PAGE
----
After steady growth in 2014, the construction industry could see a strong uptick in construction starts in 2015, according to Dodge Data & Analytics. Dodge forecasts that the total value of construction starts could reach $612 billion next year—up 9% from 2014.

The residential, commercial and institutional sectors, in particular, are expected to boost activity.

Dodge estimates that 2014 will close out with $563.9 billion in starts—a 5% increase over 2013. That tally is well above the $550 billion total that Dodge initially forecast for the year.

Total construction starts have made solid gains since 2012, led by the residential sectors. However, a variety of other sectors are also contributing to total growth, says Robert Murray, vice president of economic affairs at Dodge Data & Analytics.

You’re beginning to get more of a contribution from a number of sectors,” he said. “That makes this expansion more diversified and less vulnerable.”

Dodge announced its 2015 forecast during the Outlook Executive Conference in Washington, D.C., Nov. 6.

The residential sector continues to make strong gains, although at a more restrained pace. After a 26% jump in starts in 2013, the single family housing sector is expected to see only a 4% increase to $165.4 billion this year.

Next year, Murray says he expects lending for housing to improve, driving starts up 15% to $189.7 billion.

Multifamily housing has been consistently one of the strongest sectors coming out of the recession and is expected to tally $61.9 billion in starts this year—a 22% increase over 2013. However, Dodge forecasts that multifamily starts could rise at a more gradual rate of 9% in 2015, reaching $67.2 billion.

According to Murray, although the multifamily housing market might be maturing, the fundamentals remain strong for continued growth. The millennial generation, for example, is gradually moving to homeownership, driving continued demand for apartments in the near term, he said.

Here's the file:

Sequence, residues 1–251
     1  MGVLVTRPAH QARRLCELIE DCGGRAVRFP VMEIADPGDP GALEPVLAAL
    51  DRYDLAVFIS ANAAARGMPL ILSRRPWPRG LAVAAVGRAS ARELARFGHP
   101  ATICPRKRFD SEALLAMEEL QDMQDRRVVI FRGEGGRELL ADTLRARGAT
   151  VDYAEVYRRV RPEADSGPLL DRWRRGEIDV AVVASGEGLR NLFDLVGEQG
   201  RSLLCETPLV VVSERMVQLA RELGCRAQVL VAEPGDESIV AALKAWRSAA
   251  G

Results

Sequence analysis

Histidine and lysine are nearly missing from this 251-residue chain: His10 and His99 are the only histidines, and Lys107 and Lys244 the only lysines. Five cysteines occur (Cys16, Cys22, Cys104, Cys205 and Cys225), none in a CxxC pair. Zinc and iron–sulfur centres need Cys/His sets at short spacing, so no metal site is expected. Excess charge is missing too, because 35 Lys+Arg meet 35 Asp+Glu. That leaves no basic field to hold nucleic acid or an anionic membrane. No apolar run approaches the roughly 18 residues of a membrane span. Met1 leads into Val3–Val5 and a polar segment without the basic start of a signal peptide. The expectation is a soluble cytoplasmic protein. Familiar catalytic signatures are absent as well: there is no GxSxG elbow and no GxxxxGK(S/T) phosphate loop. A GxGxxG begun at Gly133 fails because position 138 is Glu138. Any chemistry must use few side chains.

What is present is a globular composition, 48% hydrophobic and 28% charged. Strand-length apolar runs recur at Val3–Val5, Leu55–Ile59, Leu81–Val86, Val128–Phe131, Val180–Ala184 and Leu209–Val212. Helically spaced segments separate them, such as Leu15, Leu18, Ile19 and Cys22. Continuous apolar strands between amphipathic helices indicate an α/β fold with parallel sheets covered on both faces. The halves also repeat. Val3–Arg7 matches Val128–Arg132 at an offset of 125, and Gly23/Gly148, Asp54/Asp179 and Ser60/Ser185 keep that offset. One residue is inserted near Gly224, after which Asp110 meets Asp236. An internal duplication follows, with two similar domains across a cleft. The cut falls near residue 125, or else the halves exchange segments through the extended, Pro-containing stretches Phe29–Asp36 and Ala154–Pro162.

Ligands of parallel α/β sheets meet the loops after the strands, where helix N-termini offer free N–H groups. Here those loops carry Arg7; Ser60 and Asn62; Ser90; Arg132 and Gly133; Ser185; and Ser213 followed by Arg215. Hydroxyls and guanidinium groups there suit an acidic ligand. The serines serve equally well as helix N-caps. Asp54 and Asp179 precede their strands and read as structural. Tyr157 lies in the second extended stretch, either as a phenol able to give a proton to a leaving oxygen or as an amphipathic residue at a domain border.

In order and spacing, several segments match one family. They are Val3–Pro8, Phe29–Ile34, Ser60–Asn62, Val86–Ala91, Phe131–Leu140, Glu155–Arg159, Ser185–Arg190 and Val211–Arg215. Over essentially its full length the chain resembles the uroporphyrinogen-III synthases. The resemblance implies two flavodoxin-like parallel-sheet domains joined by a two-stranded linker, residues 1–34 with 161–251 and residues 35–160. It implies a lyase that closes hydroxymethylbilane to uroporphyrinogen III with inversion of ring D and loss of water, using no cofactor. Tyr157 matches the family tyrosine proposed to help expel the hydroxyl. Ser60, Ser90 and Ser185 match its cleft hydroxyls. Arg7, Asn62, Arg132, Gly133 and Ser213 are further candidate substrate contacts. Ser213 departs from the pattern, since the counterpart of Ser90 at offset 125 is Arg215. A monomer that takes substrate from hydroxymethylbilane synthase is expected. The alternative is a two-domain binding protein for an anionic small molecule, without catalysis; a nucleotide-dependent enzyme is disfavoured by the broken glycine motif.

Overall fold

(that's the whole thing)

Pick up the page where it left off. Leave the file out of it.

The commercial building sector continues at a steady pace of increased activity. Office buildings have seen a strong rebound with starts expected to rise 23% in 2014 to $27.1 billion. That trend could continue through 2015, increasing 19% to $32.3 billion.

“Office building has become the most important upward force for keeping the commercial construction market moving forward,” Murray said.

By comparison, the retail sector mirrored the flat single-family home market with only a 2% increase in starts this year to $17.1 billion. However, Murray forecasts that the improved housing market and a strengthening economy should boost store construction starts by 11% in 2015 to $18.9 billion.

After five years of a flat-to-down market, the institutional sector is expected to bounce back by 4% to $95.4 billion this year, followed by a 9% increase to $103.6 billion in 2015.

Murray notes that K-12 educational facility construction is contributing to the rebound, thanks to recent passage of school construction bond measures around the U.S. By comparison, construction starts in health care have been relatively weak, as many health-care systems have deferred capital plans due to uncertainty around the roll-out of the Affordable Care Act.

The manufacturing sector experienced a significant jump in starts in 2013 and 2014, rising 42% and 57% respectively. Murray says projects related to the booming oil and gas sector are largely responsible for the increase. Given the sudden spike in activity, Murray expects the sector to cool down a bit in 2015, dropping 16% to $24.4 billion.

Public works construction starts should finish the year down 9% to $113.4 billion, but will bounce back by 5% in 2015 to $118.8 billion, according to Dodge.

Murray expects to see an improved highway and bridge market, thanks in part to increased use of public-private partnerships and new financing mechanisms. Environmental public works could see modest gains, he says.

Demand for new starts in electric utilities remains well below the recent peak of $52.2 billion in 2012, tallying $22.5 billion in 2014.

Murray notes that a spike in large nuclear projects helped fuel that surge in activity. He says capacity utilization rates in the electrical power and generation market have dropped in recent years, which he expects will further soften demand. In light of that trend, Dodge forecasts the sector will drop another 9% in 2015 to $20.5 billion.